“The bill, which is binding,” Larson noted, “would repeal the authorization for use of military force against the Iraq resolution from 2002. It also outlines ways in which the Bush doctrine of unilateralism and preemption have ignored the precedence of past foreign policy and diplomacy; a policy that has exacerbated the situation in Iraq and has forced us to neglect the situation in Afghanistan. It provides for a sense of Congress asking for a new vote on the war in Iraq based on the current situation, calls for abandonment of the Bush doctrine of preemption and unilateralism, while realigning U.S. foreign policy by enhancing diplomatic relations in the region and redirecting critical support to Afghanistan enabling more aggressive pursuit of Osama Bin Laden and other terrorist organizations.”

Larson’s bill, regarded by some as little more than a campaign document, would have made it impossible for Obama, the titular head of Larson’s party, to bring home the remaining American troops to “Welcome Home” parades – one to be held in New York, another in Washington D.C., others in whatever states wish to honor and reward valiant American troops.

In New York, one may imagine the parade winding past a reviewing stand placed at ground zero. And why not invite some prominent imams in the city to share the stand with city leaders, national leaders and people in New York who would welcome a show of solidarity with the same eagerness with which they would welcome home returning American troops?

In Connecticut – if Brad Davis, Mr. Parade, could be persuaded to organize such an event – the reviewing stand might include the new Democratic war hawks who support, with reservations, Obama’s “war of choice” in Afghanistan.


Unknown said…
Very consistent with CT's emphasis on the "damaged warrior" aspect of war service. Jodi Rell's radio ads on how Connecticut government was going to give them all the help they deserved to get over their ordeal etc... But a parade? That doesn't fit the narrative
Don Pesci said…
I really do think things of this kind are therapeutic. Obama says he wants to turn the page on the Iraq chapter, and this would be an honorable way to do it. Why slink off without paying our respects to the fallen heroes of Iraq, and to those who could come home to a hero’s welcome?

Popular posts from this blog

The Blumenthal Burisma Connection

Steve Hilton, a Fox News commentator who over the weekend had connected some Burisma corruption dots, had this to say about Connecticut U.S. Senator Dick Blumenthal’s association with the tangled knot of corruption in Ukraine: “We cross-referenced the Senate co-sponsors of Ed Markey's Ukraine gas bill with the list of Democrats whom Burisma lobbyist, David Leiter, routinely gave money to and found another one -- one of the most sanctimonious of them all, actually -- Sen. Richard Blumenthal."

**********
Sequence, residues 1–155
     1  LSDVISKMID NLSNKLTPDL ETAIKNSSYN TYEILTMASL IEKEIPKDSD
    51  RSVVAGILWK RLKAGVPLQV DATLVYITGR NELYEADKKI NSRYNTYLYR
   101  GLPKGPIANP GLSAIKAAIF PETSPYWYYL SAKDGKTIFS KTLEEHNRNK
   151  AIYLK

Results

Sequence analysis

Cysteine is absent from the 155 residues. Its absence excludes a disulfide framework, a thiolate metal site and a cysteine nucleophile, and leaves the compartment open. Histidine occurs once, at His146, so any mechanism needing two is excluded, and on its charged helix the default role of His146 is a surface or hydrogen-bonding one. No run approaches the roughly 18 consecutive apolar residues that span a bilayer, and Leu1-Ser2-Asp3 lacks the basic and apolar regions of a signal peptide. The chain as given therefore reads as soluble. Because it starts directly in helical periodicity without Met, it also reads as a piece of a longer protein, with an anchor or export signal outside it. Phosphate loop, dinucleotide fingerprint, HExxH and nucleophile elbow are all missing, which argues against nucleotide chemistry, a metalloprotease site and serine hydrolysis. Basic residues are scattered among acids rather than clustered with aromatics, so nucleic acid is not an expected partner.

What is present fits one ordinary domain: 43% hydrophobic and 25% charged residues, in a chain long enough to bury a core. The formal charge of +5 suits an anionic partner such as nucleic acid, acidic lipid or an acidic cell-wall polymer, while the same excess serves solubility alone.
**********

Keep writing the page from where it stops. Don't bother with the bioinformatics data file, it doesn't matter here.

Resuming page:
Dave Walker, Turning Around The Misery Index

Dave Walker, who is running for Lieutenant Governor on the Republican Party ticket, is recognized by most credible political observers as perhaps the most over qualified candidate for Lieutenant Governor in state history.
He is a member of the Accounting Hall of Fame and for ten years was the Comptroller General of the United States. When Mr. Walker talks about budgets, financing and pension viability, people listen.
Mr. Walker is also attuned to fine nuances in political campaigning. He is not running for governor, he says, because he had moved to Connecticut only four years ago and wishes to respect the political pecking order. Very few people in the state think that, were he governor, Mr. Walker would know less about the finance side of government than his budget chief.

Murphy Stumbles

U.S. Senator Chris Murphy has been roughly cuffed by some news outlets, but not by Vox, which published on April 16 a worshipful article on Connecticut’s Junior Senator, “The Senator of State: How Connecticut’s Chris Murphy, a rising Democratic star, would run the world.”
On April 15, The Federalist mentioned Murphy in an article entitled “Sen. Chris Murphy: China And The World Health Organization Did Nothing Wrong. The lede was a blow to Murphy’s solar plexus: “Democratic Connecticut Sen. Chris Murphy exonerated China of any wrongdoing over the global pandemic stemming from the novel Wuhan coronavirus on Tuesday.
“’The reason that we’re in the crisis that we are today is not because of anything that China did, is not because of anything the WHO [World Health Organization] did,’ said Murphy during a prime-time interview with CNN’s Anderson Cooper.”